Konda Polam Movie Review
Vaishnav Tej and Rakul Preet Singh teamed up with director Krish for the rural adventurous drama, Konda Polam. The film is based on noted author Sannapureddy Venkataramireddy’s acclaimed book, Konda Polam. Shot entirely during the Covid second wave, Konda Polam has had its theatrical release today amid a lot of expectations. Let’s see how the film is.
During his IFS interview at the UPSC, New Delhi, Kataru Ravindra Yadav (Vaishnav Tej) narrates his journey on the chief interviewer’s (Nasser) insistence. Ravindra hails from a poor family in a village near Nallamala Forest in Kadapa. Ravindra’s father (Sai Chand) educates him by herding goats. But even after completing his engineering and pursuing software courses in Ameerpet, Ravindra fails to get a job in Hyderabad and returns to his village.
In unavoidable circumstances, Ravindra, his father, his childhood friend Obulamma (Rakul Preet), fellow villagers Ravi Prakash, Hema, Mahesh Vitta and others go into the Nallamala Forest to do Konda Polam. The forest is ruled by a tiger, and on the other hand, dreaded smugglers who cut off the precious Bommakarra trees also pose a threat to innocent villagers. The entire story is about how a meek and fearful Ravindra overcomes his fears and becomes an IFS officer.
Plus Points :
Vaishnav Tej’s performance as a struggling engineering graduate who rediscovers his confidence and goes on to become an IFS officer is impressive. He displays earnestness and sincerity in his performance. He, however, must work on his flat dialogue delivery and expressions in emotional scenes.
Rakul Preet is a revelation in the role of a chirpy and spirited village belle named Obulamma. She portrayed a de-glam role by appearing in a dusky avatar. She looks like a village girl next door in half sarees. Even her performance was apt and aides the narrative.
Character artiste Ravi Prakash steals the show in a lengthy monologue where he speaks to his wife over the phone and breaks down after an emotional outburst. Senior character artiste Sai Chand, too, shows his calibre in a scene where he vents out his angst after failing to fetch a drop of water for his thirsty goats. It’s quite good to see the legendary Kota Srinivasa Rao in a rural character after a long time. Rest of the actors like Hema, Mahesh Vitta and others also had author-backed roles and their performances were adequate.
Minus Points :
While Konda Polam’s basic premise is quite emotional and dramatic, the film takes a beating occasionally with some lackluster scenes. Too many scenes, even in the second half, showcasing the poor villagers’ plight and their bond with nature appear repetitive and slowdown the narrative.
Ravindra was initially shown to be frightened to an extent that he is shell-shocked and even fails to alert others when he sees a snake. However, within a few minutes, he overcomes all his fears and displays exemplary courage the moment he sees a tiger and smugglers. These scenes, which are crucial in Ravindra’s journey, appear too cinematic and unconvincing.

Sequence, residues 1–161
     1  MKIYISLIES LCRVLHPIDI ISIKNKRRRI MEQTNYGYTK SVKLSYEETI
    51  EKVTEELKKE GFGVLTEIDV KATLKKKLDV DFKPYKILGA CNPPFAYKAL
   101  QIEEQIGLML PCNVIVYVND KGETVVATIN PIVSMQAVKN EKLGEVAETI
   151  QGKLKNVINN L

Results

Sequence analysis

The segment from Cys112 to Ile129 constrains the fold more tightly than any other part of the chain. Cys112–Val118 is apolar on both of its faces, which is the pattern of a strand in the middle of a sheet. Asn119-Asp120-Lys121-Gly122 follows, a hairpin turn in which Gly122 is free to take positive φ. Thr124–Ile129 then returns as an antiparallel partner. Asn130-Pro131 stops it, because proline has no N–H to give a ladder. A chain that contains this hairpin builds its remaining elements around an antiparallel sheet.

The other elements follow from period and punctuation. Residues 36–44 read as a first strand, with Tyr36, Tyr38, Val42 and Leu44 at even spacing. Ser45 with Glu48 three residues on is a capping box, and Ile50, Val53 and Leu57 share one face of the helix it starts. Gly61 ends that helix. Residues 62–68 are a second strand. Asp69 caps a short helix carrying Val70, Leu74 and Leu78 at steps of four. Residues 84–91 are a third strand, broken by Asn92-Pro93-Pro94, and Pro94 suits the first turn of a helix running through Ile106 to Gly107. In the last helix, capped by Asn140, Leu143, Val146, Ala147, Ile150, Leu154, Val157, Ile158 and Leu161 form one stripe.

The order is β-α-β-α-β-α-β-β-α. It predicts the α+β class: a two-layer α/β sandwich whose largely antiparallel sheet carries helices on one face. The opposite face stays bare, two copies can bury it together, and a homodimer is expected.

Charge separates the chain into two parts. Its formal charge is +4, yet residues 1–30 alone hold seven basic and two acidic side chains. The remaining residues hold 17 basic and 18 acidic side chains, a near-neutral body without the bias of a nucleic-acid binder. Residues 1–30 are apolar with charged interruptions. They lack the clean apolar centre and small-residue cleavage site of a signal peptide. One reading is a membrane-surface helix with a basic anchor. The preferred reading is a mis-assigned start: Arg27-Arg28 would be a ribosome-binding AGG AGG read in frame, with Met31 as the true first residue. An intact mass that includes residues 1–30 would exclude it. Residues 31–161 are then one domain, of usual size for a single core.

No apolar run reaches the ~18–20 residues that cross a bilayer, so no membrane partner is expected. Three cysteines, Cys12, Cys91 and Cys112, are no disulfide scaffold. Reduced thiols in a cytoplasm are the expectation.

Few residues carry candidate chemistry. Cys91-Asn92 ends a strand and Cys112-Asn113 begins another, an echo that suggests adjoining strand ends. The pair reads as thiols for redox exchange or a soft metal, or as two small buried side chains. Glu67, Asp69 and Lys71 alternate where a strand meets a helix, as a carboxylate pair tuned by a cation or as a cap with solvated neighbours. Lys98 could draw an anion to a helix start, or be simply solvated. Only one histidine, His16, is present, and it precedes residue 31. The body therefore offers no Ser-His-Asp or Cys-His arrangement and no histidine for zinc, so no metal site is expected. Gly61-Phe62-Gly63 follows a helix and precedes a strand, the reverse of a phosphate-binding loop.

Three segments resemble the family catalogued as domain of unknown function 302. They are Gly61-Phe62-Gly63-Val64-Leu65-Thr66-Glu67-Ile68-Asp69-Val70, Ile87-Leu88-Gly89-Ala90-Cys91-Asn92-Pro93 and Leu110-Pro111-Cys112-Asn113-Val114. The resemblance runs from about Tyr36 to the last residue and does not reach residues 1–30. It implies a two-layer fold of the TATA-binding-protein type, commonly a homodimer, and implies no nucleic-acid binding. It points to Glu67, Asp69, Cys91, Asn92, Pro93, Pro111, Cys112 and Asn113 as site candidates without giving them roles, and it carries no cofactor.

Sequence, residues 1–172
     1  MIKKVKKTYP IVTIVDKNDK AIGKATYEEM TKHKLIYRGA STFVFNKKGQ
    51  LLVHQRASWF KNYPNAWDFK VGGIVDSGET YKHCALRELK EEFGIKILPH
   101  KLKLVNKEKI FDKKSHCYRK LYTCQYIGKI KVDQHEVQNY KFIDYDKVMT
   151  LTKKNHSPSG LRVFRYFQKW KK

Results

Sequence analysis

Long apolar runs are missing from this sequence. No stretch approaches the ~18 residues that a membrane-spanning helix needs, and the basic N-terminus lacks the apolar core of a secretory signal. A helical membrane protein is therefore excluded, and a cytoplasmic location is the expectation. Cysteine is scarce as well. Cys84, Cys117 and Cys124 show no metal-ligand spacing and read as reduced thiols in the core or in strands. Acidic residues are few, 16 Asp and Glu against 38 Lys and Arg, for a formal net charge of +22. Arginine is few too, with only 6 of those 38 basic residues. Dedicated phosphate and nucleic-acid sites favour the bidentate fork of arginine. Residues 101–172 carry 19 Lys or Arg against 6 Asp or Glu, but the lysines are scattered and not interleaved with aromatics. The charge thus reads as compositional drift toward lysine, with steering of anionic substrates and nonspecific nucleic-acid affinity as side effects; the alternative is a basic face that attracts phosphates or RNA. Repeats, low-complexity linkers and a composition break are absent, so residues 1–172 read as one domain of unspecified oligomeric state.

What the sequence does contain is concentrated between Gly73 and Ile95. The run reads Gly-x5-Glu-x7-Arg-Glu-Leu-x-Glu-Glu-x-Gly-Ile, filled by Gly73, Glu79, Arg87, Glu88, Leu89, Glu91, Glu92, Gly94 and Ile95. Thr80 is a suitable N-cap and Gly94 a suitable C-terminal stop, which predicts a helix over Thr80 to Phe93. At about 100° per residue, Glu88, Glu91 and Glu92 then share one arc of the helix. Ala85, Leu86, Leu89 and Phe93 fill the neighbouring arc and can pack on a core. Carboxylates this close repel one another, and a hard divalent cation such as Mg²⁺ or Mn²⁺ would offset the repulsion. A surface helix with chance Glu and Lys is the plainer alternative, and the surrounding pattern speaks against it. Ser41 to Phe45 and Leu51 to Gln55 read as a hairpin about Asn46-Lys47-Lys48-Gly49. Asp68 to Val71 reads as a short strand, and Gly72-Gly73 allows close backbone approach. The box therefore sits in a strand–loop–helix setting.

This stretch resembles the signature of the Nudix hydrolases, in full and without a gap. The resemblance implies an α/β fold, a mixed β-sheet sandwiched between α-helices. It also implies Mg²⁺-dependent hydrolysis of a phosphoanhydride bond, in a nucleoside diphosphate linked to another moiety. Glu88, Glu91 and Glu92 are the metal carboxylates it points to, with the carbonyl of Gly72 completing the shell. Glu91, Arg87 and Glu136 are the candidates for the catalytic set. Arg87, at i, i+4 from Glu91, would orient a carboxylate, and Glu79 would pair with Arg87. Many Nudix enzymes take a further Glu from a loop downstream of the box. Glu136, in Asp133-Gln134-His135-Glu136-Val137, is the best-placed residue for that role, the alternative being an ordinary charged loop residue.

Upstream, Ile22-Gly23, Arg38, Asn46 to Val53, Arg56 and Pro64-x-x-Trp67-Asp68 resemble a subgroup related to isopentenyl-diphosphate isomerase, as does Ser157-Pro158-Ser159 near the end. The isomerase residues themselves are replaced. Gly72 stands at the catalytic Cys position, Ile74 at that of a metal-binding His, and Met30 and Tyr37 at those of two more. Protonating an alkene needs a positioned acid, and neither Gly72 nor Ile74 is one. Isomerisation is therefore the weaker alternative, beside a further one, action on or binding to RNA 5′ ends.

A couple of love songs featuring Vaishnav Tej and Rakul Preet, especially in the second half, were unnecessary and look totally out of sync with the kind of rustic and realistic story being told on the screen. Ravindra and his fellow villagers face certain adversities like a tiger on the prowl and the Bommakarra tree smugglers. However, these two main plot points were not used effectively.
Technical Aspects :
Krish shines with his trademark taking in several scenes. He loaded many scenes with heartwarming emotions that showcase the plight of the villagers who rely on nature for their livelihoods. The rain sequence, the scenes where Ravindra attacks the tree smugglers and later rescues a lamb from the tiger were handled quite well by Krish.
Veteran composer MM Keeravani’s thumping background score is one of the major highlights of Konda Polam. Even a few montage songs, especially Rai Rai, Dham Dham Dham and Kadhalu Kadhaluga were quite impactful. But the romantic dance numbers don’t make much impact.
Gnana Sekhar’s cinematography explores the picturesque and virgin locales of Vikarabad Forest and Anantagiri Hills quite well. Several night action episodes were shot brilliantly with realistic lighting since there’s no scope for artificial lights in the middle of the forest.
Editing could have been sharper, as a few scenes depicting the villagers struggles and their bond with the nature appear redundant. Art Direction is spot on as it gets the milieu right. Dialogues too are laced with heavy emotions and deserve a special mention. The VFX on the tiger could have been more realistic since the tiger plays a key role in the journey of the protagonist and thus the film.
On the whole, Konda Polam is an impressive and emotional tale of a young village man’s (Vaishnav Tej) inspiring journey. Actors’ performances, Krish’s trademark realistic and emotional narrative are the main strengths of this rural adventurous drama. On the flip side, repetitive scenes and unnecessary commercial ingredients (love songs) dilute the otherwise earnest tale of village life to an extent. You may watch Konda Polam this weekend for its touching story, realistic backdrop, authentic performances and writing and overall technical finesse.